Traversing over a blind pot, we came to another 20 foot pitch. At the bottom was a small chamber with the 60 foot Showerbath Pot leading out of it. This had a rather desperate take-off, and was jagged for the first few feet, but soon opened out into a superb shaft, beautifully streaked with pure, white calcite which stod out in startling contrast to the dull black rock. Only three of us descended this pitch, since we were running out of carbide, but we intended at least to ferry the tackle to the top of the next 100 foot pitch. After one initial blunder we found the way on in a narrow rift, which could be folowed for about 50 feet, at which point it dropped through an awkward Z-bend and the floor disappeared. When all our tackle had been dumped we made our way out with no problems, except for the discovery that the top pitch was extremely thrutchy.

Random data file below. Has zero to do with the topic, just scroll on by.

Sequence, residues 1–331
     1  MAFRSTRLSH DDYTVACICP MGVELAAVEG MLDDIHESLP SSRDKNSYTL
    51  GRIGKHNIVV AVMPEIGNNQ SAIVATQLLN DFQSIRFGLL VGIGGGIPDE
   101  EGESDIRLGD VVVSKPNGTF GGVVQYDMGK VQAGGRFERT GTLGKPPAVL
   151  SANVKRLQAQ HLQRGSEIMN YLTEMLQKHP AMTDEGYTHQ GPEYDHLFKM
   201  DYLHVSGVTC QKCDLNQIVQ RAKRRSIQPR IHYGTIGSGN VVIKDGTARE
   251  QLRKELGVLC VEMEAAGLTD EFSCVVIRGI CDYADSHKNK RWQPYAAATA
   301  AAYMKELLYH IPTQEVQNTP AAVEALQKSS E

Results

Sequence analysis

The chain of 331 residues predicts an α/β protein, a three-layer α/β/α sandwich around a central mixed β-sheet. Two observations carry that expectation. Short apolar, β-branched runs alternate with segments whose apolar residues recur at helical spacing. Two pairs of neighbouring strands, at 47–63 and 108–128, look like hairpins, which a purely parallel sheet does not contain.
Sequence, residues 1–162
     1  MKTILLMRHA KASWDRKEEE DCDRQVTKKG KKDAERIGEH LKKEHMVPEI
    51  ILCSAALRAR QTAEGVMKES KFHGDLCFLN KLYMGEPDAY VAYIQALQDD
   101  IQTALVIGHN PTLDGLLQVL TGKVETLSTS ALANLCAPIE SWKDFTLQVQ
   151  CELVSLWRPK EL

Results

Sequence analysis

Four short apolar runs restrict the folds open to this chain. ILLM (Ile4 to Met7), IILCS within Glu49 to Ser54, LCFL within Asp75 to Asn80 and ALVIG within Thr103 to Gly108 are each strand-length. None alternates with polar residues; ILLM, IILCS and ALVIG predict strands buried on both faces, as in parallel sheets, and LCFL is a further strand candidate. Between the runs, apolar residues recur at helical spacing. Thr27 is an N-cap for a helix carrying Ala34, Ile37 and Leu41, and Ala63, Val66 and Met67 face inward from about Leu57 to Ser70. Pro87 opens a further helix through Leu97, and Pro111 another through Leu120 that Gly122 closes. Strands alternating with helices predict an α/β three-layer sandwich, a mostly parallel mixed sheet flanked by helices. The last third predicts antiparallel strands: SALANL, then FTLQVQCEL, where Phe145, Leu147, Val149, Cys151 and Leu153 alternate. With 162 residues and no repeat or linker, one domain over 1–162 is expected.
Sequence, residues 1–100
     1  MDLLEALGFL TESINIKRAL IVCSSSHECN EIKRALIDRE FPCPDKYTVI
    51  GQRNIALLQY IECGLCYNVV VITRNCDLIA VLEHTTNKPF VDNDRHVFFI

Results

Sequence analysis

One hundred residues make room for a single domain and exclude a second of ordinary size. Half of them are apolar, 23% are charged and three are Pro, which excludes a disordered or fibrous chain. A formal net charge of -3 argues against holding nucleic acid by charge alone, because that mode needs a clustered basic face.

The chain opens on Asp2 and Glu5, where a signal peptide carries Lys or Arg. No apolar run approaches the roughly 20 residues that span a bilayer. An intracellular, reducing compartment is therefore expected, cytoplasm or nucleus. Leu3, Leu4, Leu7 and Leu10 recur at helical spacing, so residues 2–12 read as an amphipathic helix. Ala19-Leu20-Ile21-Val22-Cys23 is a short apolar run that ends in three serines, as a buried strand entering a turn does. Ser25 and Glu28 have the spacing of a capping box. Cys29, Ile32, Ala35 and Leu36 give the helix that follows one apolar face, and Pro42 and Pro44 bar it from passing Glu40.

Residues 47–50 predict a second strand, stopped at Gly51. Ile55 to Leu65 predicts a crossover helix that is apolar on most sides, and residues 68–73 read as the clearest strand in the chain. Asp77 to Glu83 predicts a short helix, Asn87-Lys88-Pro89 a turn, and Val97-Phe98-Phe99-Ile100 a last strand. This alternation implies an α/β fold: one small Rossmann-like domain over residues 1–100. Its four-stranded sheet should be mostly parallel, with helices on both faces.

The sun was just setting when we exited, and at that altitude it soon became quite cold. We rescued our bottle of plonk from a snowdrift, demolished a pile of sardine/pilchard/cheese/paté/chocolate butties, and clambered into our sleeping bags wearing all the clothes we could lay our hands on, including caving gear. The next morning was so beautiful that two of the party decided to go walking, while the rest of us rigged the second section of the pot.
William and I stopped at the first pitch on the way down so that I could put in a bolt, while the others went on ahead and rigged the big pitch. Such at least, was the intention; when we reached the head of Showerbath Pot we could already hear Guy squawking in frustration. We abseiled down and thrutched along the rift until we caught up with them. Giy was jammed ten feet up an eight-inch wide slot, doing wonderful things with bits of belay wire, and getting quite distressed. "Pull on that end. Not THAT end, you fool, the other!! NO, the OTHER!! Too far, try the first end again! Aaagghhh!!! Now it's come off the flake! @£"&!!!!" Eventually he slid down, beaming with success, to the sound of polite clapping as we bent forward to admire his handiwork; the ladder was rigged down a four-inch wide crack.